The digital goods market has seen a huge sales surge in recent months. While this might be an outward sign of a booming business, increased popularity doesn’t come without challenges. In this post, for instance, we’ll take a look at the growing problem of digital goods fraud, and how FIs can help manage this threat.
Where Fraud Comes into Play
The phrase “digital goods,” can refer to any non-tangible goods that are bought, stored, and used online. This includes anything for which the transaction happens online and the delivery is immediate. Digital subscriptions, eBooks, gift cards, and game codes are all digital goods. Perhaps the most appealing aspects of digital goods are their convenience; the buyer simply sees something they want and can gain instant access with just a click. Unfortunately, this is also part of the problem.
The immediacy associated with purchasing digital goods is a draw for fraudsters. Compared to other channels, it’s easy for fraudsters to complete a purchase, then vanish before anyone can intercept them. Plus, items like gift cards are easy to convert into cash.
Digital goods fraud is a different beast entirely from other types of fraud. Compared to attacks involving card-present sales and tangible goods, it’s more difficult to discover the identity of the fraudster in this space. Merchants also have a difficult task ahead of them in trying to pull together the appropriate documentation needed to dispute a digital goods chargeback.
One of the main issues is that many card-not-present (CNP) merchants have not fully updated their fraud detection and prevention methods to address new threats. Financial institutions need to be prepared to help their merchant customers identify and manage fraud. This is the only way to effectively reduce the overall cost of dispute management.
Can Merchants Fight Back Against Digital Goods Fraud?
The best way to combat the lack of available documentation is to identify fraudsters through emails and IP addresses, which can then be used to link a disputed charge to a card account.
In order to be better equipped to fight fraud, it’s important for CNP merchants to be aware of the weakest points in their system. You can help by highlighting the following problem areas that will require closer attention:
- Instant Delivery: Remind your customers that instant delivery provides little time for manual review. Since the purchase and authorization are happening in real-time, merchants are forced to make a rushed decision to accept the transaction.
- False Declines: Merchants often make the mistake of relying on strict rules to approve or decline an order due to their fear of fraud. This rigid structure can lead to a high number of false declines.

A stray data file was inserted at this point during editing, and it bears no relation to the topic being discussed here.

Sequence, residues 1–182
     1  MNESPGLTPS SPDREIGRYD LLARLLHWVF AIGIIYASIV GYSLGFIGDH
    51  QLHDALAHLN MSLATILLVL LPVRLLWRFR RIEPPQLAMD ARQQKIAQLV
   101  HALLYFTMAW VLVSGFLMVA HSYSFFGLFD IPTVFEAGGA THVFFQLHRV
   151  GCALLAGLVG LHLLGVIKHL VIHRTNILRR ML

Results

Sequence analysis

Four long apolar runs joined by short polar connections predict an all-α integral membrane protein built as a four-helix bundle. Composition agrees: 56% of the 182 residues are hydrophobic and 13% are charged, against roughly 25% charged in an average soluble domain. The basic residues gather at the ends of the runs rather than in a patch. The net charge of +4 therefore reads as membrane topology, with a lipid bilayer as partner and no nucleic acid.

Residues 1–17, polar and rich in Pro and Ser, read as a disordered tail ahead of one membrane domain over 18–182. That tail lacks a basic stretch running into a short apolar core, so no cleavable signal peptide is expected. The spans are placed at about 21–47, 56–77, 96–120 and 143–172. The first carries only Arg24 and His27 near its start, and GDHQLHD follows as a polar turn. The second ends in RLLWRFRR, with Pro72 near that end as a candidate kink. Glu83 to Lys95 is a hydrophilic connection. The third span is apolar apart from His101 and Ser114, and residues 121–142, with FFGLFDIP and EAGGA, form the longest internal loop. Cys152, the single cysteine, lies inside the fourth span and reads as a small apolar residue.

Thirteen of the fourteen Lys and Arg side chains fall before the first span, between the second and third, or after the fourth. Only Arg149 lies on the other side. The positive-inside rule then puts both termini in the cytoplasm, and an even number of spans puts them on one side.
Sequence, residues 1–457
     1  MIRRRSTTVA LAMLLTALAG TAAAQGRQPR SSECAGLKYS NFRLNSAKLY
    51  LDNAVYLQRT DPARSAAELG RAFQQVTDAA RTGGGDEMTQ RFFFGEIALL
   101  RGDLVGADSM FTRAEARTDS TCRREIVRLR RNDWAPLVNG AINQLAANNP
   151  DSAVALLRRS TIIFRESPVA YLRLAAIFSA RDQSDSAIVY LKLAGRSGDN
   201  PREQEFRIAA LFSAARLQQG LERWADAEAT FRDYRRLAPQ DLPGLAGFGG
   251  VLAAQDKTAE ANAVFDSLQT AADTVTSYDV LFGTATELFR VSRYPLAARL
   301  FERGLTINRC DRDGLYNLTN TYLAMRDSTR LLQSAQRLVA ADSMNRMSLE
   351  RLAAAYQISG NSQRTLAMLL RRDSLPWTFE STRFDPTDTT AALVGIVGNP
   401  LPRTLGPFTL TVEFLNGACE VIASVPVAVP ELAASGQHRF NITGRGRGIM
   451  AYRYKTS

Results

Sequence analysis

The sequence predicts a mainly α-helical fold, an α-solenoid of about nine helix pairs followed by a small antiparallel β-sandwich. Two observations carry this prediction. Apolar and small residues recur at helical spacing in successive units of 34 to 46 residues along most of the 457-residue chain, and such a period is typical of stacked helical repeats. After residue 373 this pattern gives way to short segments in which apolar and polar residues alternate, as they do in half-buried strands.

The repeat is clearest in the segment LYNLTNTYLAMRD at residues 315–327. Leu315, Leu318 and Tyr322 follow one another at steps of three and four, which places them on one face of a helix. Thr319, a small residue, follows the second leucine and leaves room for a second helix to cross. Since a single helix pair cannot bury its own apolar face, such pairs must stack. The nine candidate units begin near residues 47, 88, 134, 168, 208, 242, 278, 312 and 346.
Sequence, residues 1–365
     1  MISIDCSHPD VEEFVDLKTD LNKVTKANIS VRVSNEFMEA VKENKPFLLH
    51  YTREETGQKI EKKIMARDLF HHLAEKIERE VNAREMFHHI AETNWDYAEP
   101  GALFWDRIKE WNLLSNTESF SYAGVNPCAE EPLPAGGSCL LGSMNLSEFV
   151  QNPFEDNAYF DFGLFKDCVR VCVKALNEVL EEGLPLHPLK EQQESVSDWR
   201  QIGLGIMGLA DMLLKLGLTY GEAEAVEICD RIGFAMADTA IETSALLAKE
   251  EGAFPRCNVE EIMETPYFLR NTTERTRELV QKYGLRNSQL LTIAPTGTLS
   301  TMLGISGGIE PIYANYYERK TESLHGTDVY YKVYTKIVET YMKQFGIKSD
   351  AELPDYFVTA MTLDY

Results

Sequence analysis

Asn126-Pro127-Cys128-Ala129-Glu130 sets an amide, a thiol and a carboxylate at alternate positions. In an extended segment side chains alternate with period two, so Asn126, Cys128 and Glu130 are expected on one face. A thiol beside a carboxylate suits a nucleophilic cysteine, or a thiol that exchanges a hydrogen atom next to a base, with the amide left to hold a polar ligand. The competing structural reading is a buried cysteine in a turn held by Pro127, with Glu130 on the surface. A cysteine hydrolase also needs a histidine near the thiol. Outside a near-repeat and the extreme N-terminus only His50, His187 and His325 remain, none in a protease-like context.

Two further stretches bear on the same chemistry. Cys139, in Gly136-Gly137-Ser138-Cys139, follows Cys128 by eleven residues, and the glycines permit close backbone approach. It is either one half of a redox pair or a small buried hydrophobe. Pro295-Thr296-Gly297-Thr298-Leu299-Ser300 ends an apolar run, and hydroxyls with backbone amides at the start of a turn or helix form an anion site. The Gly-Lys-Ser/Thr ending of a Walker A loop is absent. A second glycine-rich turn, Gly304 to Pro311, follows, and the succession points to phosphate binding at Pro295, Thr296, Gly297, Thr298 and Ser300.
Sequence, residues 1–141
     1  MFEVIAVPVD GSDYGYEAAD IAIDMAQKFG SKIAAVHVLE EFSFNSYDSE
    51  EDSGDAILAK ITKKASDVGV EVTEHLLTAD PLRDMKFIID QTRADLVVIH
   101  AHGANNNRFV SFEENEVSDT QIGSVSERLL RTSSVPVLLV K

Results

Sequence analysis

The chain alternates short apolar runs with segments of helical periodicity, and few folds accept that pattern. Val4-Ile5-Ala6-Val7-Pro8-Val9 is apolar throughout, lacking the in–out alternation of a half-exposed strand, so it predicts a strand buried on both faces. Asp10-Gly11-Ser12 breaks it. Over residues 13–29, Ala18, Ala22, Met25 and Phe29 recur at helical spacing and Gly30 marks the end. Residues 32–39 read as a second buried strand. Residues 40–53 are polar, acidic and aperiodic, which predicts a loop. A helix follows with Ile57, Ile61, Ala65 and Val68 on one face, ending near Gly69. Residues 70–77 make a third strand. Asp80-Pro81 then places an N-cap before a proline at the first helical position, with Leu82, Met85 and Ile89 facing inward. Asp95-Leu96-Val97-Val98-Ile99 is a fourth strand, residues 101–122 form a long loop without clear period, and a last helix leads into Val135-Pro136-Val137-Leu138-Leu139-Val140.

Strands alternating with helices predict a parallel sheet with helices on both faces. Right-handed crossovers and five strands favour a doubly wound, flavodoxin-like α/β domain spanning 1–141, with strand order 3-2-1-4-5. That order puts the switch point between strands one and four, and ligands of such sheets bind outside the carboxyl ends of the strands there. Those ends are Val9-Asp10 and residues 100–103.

- Limited Data: With digital goods, there’s no data available to review, such as the customer’s phone number, delivery address, or prior purchasing history. This opens the door for fraudsters to pose behind fake email addresses or proxy servers.
- Customer Demands: As mentioned before, customers enjoy having their purchases on hand immediately. They want a fast and simple process, and when forced to wait for a confirmation email or code, the higher chance they will abandon their shopping cart and move on.
There’s no universally-applicable solution for these problems. Rather, merchants need to work to identify a strategy that will work best for them given the unique nature of their operations.
How Banks Can Help
As a financial institution, you can play a more direct role in helping to protect your merchants. For instance, we recommend that you encourage merchants to do the following to reduce fraud and limit chargebacks:
- Create multiple checkout stages online to limit the risk of real errors. This should be balanced to avoid unnecessary friction that could discourage buyers.
- Develop multilayered fraud screening filters. Using multiple complimentary fraud tools can help safeguard digital payments and intercept fraud without stopping genuine sales.
- Request that customers create an account before being able to complete a purchase. This can help deter bots and other quick-moving fraud attempts.
- Standardize and uphold customer service policies to provide consistent, fair, and personable service to customers.
These and other tactics can help limit the impact of criminal fraud. Even then, there are other factors to consider, like friendly fraud and family fraud. Incidents tied to each of these threat sources have increased due to consumers using the system for their benefit.
Adopting a chargeback alert system, as well as a more comprehensive plan to respond to friendly fraud, is one way for merchants to protect their businesses. They may be able to handle this in-house, but in many cases, turning to a third-party chargeback management service can offer the best possible return on investment.
It’s important that whatever strategy they put in place, merchants don’t make the mistake of alienating their customer base in the process. An effective strategy will find a balance between fraud prevention and customer satisfaction.
The growth of fraud and chargeback issuances in the digital goods space places a huge demand on the merchants’ resources. Fortunately, there are ways for these businesses to protect themselves. Ensuring a proactive and effective approach can help eliminate fraud and protect one’s business from insidious attacks.